"If we look around, San Francisco is building lots of new housing, Oakland the same thing, Berkeley the same thing," she added. "But those units are way out of what's affordable for ordinary people living here."
Wicks, a former adviser to President Barack Obama, said the state needs development at all income levels.
"We have a housing crisis," she said. "I think we need an all-of-the-above approach in terms of solutions."
Wicks points to the fact that homebuilding in California, specifically in coastal regions, has not kept up with job and population growth.
Data from communities within AD 15 show that most cities in the district are not meeting their own benchmarks for approving new housing.
Only El Cerrito is on pace to meet its state-required goal of approving new units for very-low-income residents, defined as below 50 percent of area median income. The goals are set through the Regional Housing Need Allocation, which currently maps out development from 2015 through 2023.
And while nearly every city in the district has failed to approve more low-income housing, Richmond, San Pablo,and Pinole are behind on their approval of units covering all income levels, according to the latest progress reports submitted to the state Department of Housing and Community Development.
A study from CALmatters found that from 2010 to 2016, Richmond ranked ninth in the state in the ratio of new residents to new housing permits.
In the primary, the legislative debate over one controversial proposal -- Senate Bill 827, and its plan to require more dense development around transit stops -- trickled into the AD 15 race.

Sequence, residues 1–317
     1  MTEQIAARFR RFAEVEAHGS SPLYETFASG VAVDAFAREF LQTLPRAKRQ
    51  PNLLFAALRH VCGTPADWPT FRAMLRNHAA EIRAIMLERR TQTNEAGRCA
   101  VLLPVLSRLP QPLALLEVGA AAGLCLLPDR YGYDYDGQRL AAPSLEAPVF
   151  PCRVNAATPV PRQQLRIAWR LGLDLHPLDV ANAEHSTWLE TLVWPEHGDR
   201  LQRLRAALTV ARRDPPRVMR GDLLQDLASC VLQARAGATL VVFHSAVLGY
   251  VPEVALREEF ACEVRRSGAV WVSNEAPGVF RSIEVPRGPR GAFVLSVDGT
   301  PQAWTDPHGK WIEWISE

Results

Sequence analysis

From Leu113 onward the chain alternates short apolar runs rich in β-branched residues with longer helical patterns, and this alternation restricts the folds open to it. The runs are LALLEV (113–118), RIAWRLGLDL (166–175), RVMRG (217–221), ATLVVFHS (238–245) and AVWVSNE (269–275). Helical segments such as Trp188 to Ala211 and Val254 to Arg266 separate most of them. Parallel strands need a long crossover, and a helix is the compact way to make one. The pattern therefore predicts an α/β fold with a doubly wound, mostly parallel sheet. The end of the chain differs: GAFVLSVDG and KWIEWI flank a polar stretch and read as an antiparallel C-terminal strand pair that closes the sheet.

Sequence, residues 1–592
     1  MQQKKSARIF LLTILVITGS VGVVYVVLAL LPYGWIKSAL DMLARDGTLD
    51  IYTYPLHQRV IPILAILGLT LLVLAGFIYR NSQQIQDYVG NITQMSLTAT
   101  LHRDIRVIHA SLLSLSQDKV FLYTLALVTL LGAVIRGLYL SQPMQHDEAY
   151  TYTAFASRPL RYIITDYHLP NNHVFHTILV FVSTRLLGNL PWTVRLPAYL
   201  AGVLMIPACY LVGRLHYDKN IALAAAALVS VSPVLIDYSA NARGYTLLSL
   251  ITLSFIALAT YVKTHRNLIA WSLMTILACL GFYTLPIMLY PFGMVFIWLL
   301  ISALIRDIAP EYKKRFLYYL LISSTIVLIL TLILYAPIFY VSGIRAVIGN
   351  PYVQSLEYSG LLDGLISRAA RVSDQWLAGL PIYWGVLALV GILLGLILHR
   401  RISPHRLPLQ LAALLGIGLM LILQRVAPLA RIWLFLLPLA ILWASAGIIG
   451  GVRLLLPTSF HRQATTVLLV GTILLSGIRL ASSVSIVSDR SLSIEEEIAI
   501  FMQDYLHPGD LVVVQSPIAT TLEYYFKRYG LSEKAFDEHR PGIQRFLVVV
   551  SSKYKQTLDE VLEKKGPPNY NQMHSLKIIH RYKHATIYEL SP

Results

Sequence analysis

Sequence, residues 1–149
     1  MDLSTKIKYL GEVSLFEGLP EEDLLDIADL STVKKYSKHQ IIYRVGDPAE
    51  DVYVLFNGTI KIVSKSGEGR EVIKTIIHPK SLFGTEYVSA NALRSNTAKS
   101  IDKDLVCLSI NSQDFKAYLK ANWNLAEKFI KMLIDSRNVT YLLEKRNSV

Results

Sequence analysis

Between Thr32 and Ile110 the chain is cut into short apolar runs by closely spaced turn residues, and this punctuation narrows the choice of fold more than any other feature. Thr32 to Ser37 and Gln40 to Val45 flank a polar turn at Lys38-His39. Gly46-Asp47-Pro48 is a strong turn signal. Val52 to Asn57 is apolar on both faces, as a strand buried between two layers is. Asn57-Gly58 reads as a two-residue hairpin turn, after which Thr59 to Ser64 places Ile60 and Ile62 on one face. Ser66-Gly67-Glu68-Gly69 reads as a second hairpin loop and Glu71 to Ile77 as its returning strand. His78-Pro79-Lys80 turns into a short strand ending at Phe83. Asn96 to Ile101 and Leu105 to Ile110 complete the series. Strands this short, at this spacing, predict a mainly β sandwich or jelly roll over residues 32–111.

Neither Wicks or Beckles gave their full backing to the failed bill, but with the idea likely to resurface in the future, Wicks appeared more supportive of increasing state control over local zoning around transit.
"In and around those corridors, we should be making it easier to build homes and more dense, walkable neighborhoods," Wicks said.
Beckles said she's committed to local control on housing issues.
"I really think that cities need to be able to have more control in terms of building, because they know best," Beckles said.
Both candidates emphasized the importance of protecting and preserving existing housing stock, but are divided on the most controversial rental proposal: Proposition 10.
That statewide ballot measure would repeal the Costa-Hawkins Rental Housing Act, allowing cities to expand rent control laws.
Beckles has wholeheartedly embraced the measure, and is aiming to tie her campaign closely to the Yes on 10 effort.
"We need to repeal Costa-Hawkins so that people can actually afford a place to live," Beckles said. "Folks' income isn't increasing and yet rents are going up."
Wicks argues that a full repeal of Costa-Hawkins could slow down the construction of new units.
"I don't want there to be unintended consequences of this actually exacerbating our crisis," Wicks said, while acknowledging that "for many people rent control is the only thing that is separating them from being in a home or being displaced."
Asked repeatedly for her position on Proposition 10, Wicks responded only with "we'll see what the voters decide in November."
Wicks said she would rather see reforms to the law, including having units age into rent control on a rolling basis, something the city of Berkeley is considering if Proposition 10 passes.
Oakland and Richmond are the other two cities in the district with rent control laws already on the books.
The way that Richmond's ordinance is written, Proposition 10's passage could trigger a larger expansion of rent control.
"In Richmond it means that all of our units would be under the protection of rent control," Beckles said. "That's the beauty of the proposition: Cities know what's best for their residents."